why does electrical conductivity decrease across period 3
The upward trend In the whole of period 3, the outer electrons are in 3-level orbitals. These are all the same sort of distances from the nucleus, and are screened by the same electrons in the first and second levels. The major difference is the increasing number of protons in the nucleus as you go from sodium across to argon. That causes greater attraction between the nucleus and the electrons and so increases the ionisation energies. In fact the increasing nuclear charge also drags the outer electrons in closer to the nucleus. That increases ionisation energies still more as you go across the period. The fall at aluminium You might expect the aluminium value to be more than the magnesium value because of the extra proton. Offsetting that is the fact that aluminium's outer electron is in a 3p orbital rather than a 3s. The 3p electron is slightly more distant from the nucleus than the 3s, and partially screened by the 3s electrons as well as the inner electrons.
Both of these factors offset the effect of the extra proton. The fall at sulphur As you go from phosphorus to sulphur, something extra must be offsetting the effect of the extra proton
The screening is identical in phosphorus and sulphur (from the inner electrons and, to some extent, from the 3s electrons), and the electron is being removed from an identical orbital. pair. The repulsion between the two electrons in the same orbital means that the electron is easier to remove than it would otherwise be. Atomic radius The trend The diagram shows how the atomic radius changes as you go across Period 3. metallic radii for Na, Mg and Al; covalent radii for Si, P, S and Cl; the van der Waals radius for Ar because it doesn't form any strong bonds. It is fair to compare metallic and covalent radii because they are both being measured in tightly bonded circumstances. It isn't fair to compare these with a van der Waals radius, though.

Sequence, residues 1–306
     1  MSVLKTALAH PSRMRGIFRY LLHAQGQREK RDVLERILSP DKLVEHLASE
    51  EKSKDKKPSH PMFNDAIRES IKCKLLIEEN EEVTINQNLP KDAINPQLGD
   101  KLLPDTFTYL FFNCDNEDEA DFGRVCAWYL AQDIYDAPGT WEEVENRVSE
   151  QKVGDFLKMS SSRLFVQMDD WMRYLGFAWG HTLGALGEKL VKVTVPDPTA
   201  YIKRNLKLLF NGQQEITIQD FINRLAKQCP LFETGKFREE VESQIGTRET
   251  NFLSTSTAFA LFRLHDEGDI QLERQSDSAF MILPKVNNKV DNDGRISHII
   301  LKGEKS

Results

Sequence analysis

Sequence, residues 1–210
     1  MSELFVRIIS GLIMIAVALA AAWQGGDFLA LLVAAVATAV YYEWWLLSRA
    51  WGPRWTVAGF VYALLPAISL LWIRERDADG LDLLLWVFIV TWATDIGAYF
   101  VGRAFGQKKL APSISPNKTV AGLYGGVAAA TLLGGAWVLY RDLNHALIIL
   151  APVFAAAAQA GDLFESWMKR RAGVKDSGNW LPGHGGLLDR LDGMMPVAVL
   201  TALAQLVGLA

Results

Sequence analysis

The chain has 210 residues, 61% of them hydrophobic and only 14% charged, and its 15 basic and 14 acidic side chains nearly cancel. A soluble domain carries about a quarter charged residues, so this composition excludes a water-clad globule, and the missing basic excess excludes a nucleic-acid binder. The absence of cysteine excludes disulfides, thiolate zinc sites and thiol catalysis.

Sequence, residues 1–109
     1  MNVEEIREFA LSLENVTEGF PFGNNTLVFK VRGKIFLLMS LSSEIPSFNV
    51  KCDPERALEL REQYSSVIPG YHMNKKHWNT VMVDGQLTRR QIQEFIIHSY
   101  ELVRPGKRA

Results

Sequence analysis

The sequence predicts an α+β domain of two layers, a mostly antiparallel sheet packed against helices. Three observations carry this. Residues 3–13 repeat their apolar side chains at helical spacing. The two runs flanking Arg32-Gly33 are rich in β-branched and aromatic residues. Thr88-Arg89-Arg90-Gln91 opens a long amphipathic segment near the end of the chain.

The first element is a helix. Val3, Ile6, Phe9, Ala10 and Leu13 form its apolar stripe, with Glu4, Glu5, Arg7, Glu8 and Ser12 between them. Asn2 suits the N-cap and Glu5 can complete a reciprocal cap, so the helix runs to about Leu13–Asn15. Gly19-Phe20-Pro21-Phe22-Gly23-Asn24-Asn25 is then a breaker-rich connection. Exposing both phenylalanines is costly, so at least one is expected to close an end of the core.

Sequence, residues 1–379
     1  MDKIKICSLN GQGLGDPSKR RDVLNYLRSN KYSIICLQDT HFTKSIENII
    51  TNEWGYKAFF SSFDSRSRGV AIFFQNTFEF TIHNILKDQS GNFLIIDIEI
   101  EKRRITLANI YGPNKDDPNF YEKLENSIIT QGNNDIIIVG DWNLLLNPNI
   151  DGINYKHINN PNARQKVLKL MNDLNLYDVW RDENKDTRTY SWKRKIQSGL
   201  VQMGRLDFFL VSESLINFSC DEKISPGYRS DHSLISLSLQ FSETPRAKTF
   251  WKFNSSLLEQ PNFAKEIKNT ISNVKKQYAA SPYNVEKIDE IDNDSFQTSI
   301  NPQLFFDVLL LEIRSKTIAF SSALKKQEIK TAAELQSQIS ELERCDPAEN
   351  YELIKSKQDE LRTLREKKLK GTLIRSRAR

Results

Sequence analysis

The general trend towards smaller atoms across the period is NOT broken at argon. You aren't comparing like with like. The only safe thing to do is to ignore argon in the discussion which follows. whether the electron is alone in an orbital or one of a pair. The upward trend: In the whole of period 3, the outer electrons are in 3-level orbitals. These electrons are at approximately the same distance from the nucleus, and are screened by corresponding electrons in orbitals with principal atomic numbers n=1 and n=2. The determining factor in the increase in energy is the increasing number of protons in the nucleus from sodium across to argon. This creates greater attraction between the nucleus and the electrons and thus increases the ionization energies. The increasing nuclear charge also pulls the outer electrons toward the nucleus, further increasing ionization energies across the period. The decrease at aluminum : The value for aluminum might be expected to be greater than that of magnesium due to the extra proton.
However, this effect is offset by the fact that the outer electron of aluminum occupies a 3p orbital rather than a 3s orbital. The 3p electron is slightly farther from the nucleus than the 3s electron, and partially screened by the 3s electrons as well as the inner electrons. Both of these factors offset the effect of the extra proton. The decrease at sulfur: In this case something other than the transition from a 3s orbital to a 3p orbital must offset the effect of an extra proton. The screening (from the inner electrons and, to some extent, from the , and the electron is removed from an identical orbital. The difference is that in the case of sulfur, the electron being removed is one of the pair. The repulsion between the two electrons in the same orbital creates a higher-energy environment, making the electron easier to remove than predicted.
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